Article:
News in Brief
Navy NextGen RFI, cyber acquisition and more
Navy releases RFI for $3.4 billion NGEN recompete
The Navy has finally released the request for information and kicked off the recompete process for the $3.4 billion Next Generation Enterprise Network, Washington Technology reports.
The RFI is the first in a series of outreach efforts the Navy has planned. Officials have promised to release a second RFI by the end of the year and are planning industry days in November and February, though the RFI doesn't include dates for them.
Navy officials also said they intend to create several opportunities for industry to review and comment on draft procurement documents through mid-2016.
Responses to the RFI are due by Oct. 19.
Navy CIO updates template for cyber acquisition
Navy Department CIO Rob Foster has issued updated guidance for Navy components to comply with cybersecurity-related acquisition requirements.
Under the draft Cybersecurity Strategy template and instructions, Navy personnel must provide a thorough rundown of their programs' cybersecurity, including details on risk management and technical implementation.
"Describe your process for selecting overlays, adding security controls, identifying compensating security controls and identifying security controls," the document states. Furthermore, officials must update the documentation for each program milestone.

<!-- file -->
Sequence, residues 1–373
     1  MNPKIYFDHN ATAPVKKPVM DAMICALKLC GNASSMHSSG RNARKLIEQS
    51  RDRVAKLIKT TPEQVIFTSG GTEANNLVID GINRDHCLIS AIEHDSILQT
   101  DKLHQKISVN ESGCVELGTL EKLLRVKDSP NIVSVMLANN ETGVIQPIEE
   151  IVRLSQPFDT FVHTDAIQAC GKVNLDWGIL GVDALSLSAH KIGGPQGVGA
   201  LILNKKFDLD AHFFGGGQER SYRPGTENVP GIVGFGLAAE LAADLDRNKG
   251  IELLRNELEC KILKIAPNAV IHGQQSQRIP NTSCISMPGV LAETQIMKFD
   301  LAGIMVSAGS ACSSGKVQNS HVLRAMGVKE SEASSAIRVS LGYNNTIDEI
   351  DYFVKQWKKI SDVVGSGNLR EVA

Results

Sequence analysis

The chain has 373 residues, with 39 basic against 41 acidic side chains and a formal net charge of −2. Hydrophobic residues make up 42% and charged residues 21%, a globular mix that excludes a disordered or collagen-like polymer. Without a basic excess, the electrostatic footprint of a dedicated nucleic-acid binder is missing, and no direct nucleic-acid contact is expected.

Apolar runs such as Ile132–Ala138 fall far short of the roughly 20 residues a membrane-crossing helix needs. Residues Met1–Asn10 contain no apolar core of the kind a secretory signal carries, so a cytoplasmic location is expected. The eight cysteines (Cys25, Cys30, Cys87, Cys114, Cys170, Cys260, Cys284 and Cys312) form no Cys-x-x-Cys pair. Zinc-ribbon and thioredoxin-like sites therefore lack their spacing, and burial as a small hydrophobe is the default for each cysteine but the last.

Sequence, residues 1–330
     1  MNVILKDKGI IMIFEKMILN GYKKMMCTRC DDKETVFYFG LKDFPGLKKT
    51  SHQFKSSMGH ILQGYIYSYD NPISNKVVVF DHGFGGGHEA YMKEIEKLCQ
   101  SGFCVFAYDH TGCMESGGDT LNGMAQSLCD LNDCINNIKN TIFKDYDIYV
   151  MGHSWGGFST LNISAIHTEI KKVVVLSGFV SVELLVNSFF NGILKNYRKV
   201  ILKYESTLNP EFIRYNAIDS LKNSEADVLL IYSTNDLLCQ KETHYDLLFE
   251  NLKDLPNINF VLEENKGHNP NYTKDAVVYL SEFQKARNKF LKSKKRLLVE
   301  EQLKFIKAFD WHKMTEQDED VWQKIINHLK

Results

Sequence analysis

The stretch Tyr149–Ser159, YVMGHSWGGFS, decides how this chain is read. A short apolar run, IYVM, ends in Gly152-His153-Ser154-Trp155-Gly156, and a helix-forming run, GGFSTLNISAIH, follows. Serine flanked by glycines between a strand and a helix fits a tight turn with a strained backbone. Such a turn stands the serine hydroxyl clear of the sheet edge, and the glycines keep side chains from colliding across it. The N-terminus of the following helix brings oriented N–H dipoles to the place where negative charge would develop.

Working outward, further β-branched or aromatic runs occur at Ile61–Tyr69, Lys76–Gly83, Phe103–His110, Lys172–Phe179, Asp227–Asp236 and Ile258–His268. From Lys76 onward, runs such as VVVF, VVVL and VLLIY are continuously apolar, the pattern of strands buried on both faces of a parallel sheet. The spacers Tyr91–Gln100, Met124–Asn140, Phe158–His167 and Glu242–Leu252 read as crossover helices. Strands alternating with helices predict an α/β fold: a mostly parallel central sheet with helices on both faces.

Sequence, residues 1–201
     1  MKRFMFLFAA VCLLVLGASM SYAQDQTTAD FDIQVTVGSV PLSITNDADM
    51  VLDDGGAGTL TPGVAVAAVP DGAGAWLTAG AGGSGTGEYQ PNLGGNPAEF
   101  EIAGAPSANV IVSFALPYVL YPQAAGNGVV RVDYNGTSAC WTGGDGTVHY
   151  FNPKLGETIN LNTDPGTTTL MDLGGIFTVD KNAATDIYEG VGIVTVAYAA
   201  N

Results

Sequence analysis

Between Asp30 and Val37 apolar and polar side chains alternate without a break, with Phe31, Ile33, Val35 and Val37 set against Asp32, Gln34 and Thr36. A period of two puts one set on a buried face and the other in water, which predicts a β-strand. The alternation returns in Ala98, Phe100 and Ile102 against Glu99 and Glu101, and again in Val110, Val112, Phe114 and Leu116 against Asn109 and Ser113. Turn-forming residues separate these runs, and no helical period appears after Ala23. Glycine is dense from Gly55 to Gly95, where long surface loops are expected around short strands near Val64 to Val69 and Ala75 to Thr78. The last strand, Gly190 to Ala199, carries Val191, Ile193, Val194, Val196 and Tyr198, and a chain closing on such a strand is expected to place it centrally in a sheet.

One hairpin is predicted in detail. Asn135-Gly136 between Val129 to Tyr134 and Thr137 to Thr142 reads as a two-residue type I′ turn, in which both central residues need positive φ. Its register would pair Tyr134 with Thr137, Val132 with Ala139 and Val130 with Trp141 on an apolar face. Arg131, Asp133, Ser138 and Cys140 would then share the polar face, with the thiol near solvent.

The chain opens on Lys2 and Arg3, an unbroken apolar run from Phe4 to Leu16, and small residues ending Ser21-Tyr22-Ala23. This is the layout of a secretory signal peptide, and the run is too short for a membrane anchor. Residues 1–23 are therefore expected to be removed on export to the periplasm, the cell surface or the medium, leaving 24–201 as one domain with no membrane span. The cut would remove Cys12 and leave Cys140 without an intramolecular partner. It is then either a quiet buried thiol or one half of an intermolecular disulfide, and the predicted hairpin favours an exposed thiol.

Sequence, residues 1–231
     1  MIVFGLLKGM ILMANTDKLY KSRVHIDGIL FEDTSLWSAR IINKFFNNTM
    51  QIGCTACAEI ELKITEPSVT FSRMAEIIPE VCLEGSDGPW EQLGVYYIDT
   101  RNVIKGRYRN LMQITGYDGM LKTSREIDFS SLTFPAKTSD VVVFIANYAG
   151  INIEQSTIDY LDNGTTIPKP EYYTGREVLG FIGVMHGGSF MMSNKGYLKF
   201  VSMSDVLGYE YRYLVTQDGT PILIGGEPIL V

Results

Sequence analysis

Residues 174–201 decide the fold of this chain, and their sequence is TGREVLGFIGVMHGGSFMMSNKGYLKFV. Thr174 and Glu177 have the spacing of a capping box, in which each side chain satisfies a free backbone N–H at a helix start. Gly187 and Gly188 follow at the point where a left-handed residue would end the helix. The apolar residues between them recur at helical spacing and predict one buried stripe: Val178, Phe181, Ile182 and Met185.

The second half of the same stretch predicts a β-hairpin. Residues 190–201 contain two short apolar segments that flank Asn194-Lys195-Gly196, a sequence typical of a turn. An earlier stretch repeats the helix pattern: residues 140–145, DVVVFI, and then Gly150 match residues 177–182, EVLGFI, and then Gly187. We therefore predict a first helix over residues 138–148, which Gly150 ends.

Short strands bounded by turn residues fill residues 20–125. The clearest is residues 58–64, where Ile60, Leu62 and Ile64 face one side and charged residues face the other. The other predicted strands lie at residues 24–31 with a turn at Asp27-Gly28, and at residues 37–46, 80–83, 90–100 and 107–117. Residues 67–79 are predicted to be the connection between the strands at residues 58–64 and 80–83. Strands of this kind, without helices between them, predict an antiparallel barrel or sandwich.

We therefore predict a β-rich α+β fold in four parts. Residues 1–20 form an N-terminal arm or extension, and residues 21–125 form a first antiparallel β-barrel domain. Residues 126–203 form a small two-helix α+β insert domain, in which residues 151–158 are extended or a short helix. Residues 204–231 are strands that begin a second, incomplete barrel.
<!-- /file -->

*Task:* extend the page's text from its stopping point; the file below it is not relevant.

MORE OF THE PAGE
FCC names Scarpelli to public network cyber group
The Federal Communications Commission has appointed Brian Scarpelli, director of government affairs at the Telecommunications Industry Association, to co-lead an advisory group that is working to make the U.S. public communications network more secure from cyberattack.
The Secure Hardware and Software – Security by Design Working Group falls under the FCC's Communications Security, Reliability and Interoperability Council.
The council is responsible for making recommendations to FCC Chairman Tom Wheeler about voluntary best practices for network equipment manufacturers to ensure that the nation's communications network is more secure, resilient and defendable from cyberattacks.
IRS catches most fraud, still faces tech troubles
A computer programming error and lax procedure-following contributed to millions in misallocated money during the 2015 tax season, according to a report from the Treasury Inspector General for Tax Administration released Sept. 21.
TIGTA found that the IRS denied $1.5 million in valid residential energy tax credits while paying more than $100 million in fraudulent refunds. The agency did manage to block payment of $787 million in fraudulent refunds, TIGTA's report notes.
The report's findings on customer service mirrored a July report from the National Taxpayer Advocate, which states that the IRS answered a mere 37.6 percent of taxpayer calls and only after an average 23-minute wait.
The latest report is yet another mixed review of the tax season that saw the "Get Transcript" application enable wide-scale exfiltration of personally identifiable information.
The IRS agreed with TIGTA's recommendations to revise programming to prevent one bank account from receiving more than three direct deposits and to reexamine some instances of denied tax credits.
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